The African Union plans also to hold an all parties conference in its premises to discuss a road map for the national dialogue before to move inside the country to start the process.
Nov. 02, 2014 (KHARTOUM) – US secretary of state John Kerry has requested his Sudanese counterpart, Ali Karti, resume talks on bilateral relations, the Sudanese foreign ministry said on Thursday..
Earlier this month, the US special envoy for Sudan and South Sudan, Donald Booth, said he was ready to visit Khartoum to resume discussions on bilateral relations and ways to improve it.
Booth has not visited the Sudanese capital since last December after Khartoum decided to stop discussions on the “unjust” American sanctions, saying US policy is determined by activists and lobby groups not government officials.
“Sudanese foreign minister Ali Ahmed Karti received a telephone call from his American counterpart and they discussed ways to improve bilateral relations,” said a statement published by the official news agency SUNA .
“The American minister expressed his country’s desire to hold direct negotiations with Sudan on outstanding issues,” it added.
During the telephone conversation, Karti reminded Kerry the broken promises on the lift of sanctions, the agency further reported.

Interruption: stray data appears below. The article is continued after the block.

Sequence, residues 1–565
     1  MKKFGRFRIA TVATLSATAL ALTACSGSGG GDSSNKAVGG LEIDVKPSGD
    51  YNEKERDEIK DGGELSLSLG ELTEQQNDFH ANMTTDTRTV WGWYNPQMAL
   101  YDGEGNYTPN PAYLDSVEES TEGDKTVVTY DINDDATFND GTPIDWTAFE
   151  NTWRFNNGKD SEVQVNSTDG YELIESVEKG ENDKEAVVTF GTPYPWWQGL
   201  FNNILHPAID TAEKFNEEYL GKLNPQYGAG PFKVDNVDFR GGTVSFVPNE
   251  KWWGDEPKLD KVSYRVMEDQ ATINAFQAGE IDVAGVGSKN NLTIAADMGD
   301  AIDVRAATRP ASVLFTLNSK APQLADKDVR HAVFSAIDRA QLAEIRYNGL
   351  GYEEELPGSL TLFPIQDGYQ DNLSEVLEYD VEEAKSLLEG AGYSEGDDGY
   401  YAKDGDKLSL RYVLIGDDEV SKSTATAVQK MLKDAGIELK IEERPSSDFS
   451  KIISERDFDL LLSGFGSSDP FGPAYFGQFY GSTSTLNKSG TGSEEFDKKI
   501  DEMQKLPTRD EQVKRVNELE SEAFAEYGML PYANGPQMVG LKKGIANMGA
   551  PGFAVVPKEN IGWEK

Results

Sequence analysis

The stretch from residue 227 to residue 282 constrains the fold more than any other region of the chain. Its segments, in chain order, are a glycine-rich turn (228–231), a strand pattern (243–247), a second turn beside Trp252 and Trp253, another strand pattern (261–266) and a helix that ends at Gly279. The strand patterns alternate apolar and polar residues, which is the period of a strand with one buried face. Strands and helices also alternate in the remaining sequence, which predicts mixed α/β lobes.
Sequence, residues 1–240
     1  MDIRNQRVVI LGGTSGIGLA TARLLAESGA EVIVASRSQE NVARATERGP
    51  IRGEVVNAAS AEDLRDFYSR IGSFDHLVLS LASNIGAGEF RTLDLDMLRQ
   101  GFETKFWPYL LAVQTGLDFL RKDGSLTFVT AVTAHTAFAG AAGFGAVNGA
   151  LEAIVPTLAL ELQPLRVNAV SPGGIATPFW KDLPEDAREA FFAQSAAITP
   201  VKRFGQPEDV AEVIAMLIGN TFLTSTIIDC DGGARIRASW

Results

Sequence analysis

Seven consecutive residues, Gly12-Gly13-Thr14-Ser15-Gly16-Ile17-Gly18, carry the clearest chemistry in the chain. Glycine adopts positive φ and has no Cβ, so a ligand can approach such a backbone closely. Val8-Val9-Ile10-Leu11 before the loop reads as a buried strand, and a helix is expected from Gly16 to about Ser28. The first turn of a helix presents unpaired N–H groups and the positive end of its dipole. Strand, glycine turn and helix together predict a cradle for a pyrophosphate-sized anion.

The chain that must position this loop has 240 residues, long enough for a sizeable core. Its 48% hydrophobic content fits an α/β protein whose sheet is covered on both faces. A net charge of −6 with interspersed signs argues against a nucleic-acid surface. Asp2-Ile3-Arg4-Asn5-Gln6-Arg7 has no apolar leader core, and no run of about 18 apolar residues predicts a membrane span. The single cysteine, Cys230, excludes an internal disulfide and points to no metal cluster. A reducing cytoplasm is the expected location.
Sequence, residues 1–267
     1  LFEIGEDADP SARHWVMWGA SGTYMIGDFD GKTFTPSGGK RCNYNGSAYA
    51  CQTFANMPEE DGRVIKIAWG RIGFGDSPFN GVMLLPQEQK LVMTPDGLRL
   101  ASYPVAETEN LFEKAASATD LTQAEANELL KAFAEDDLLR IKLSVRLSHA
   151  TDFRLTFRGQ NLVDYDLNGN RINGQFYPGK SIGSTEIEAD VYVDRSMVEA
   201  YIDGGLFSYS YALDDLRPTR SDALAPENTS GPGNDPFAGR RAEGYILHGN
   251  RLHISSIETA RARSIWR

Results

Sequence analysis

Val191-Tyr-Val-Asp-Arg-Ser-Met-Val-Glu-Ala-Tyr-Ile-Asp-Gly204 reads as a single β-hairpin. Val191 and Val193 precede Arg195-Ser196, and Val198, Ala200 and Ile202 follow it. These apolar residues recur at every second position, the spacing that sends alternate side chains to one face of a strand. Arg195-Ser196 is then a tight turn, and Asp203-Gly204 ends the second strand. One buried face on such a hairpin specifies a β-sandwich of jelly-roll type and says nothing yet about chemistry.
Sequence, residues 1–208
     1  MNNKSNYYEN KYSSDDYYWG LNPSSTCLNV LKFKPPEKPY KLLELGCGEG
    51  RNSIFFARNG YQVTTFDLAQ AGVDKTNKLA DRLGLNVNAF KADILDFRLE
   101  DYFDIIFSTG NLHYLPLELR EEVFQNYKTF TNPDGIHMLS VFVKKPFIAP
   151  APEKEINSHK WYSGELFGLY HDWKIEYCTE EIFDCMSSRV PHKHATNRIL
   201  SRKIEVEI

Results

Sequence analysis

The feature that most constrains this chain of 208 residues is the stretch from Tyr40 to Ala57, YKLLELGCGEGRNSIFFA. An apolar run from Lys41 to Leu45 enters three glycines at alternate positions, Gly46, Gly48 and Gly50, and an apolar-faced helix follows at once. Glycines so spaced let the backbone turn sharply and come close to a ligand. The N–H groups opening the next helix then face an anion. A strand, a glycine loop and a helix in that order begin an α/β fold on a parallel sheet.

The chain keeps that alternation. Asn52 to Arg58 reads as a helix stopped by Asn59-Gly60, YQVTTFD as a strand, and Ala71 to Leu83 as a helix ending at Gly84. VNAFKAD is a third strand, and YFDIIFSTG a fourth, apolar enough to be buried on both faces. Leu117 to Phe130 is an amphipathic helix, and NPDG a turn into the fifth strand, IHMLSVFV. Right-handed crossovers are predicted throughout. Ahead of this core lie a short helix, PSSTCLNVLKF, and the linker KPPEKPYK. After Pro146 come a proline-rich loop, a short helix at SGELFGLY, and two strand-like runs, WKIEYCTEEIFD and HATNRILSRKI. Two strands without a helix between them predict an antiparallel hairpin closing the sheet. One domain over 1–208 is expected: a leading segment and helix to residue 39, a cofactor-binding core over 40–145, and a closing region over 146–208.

Last week Washington renewed economic sanctions on Sudan saying “the actions and policies of the Government of Sudan continue to pose an unusual and extraordinary threat to the national security and foreign policy of the United States”.
The Sudanese government denounced the decision, accusing the American administration of using “various reasons and arguments to justify its targeting for Sudan which is nothing but political intrigue, clear contradiction and double standards”.
nonetheless, the two ministers concurred on the need to discuss the bilateral relations and expressed readiness to resume dialogue, SUNA said.
Different sources say that Karti and presidential assistant Ibrahim Ghandour are among those who support the resumption of discussions with Washington to normalise bilateral relations and reach an agreement on the lift of sanctions.
Washington admits Sudan’s cooperation in the fight against terrorism, but added new conditions related to the end of the conflicts in Darfur, Blue Nile and South Kordofan.
“Our concern for marginalised populations, our interests in the resolution of deadly internal conflicts, and our support for democratic governance derive from principles that reach far beyond Sudan’s borders,” Booth emphasised in lecture on the Two Sudans at the Atlantic Council on 9 October.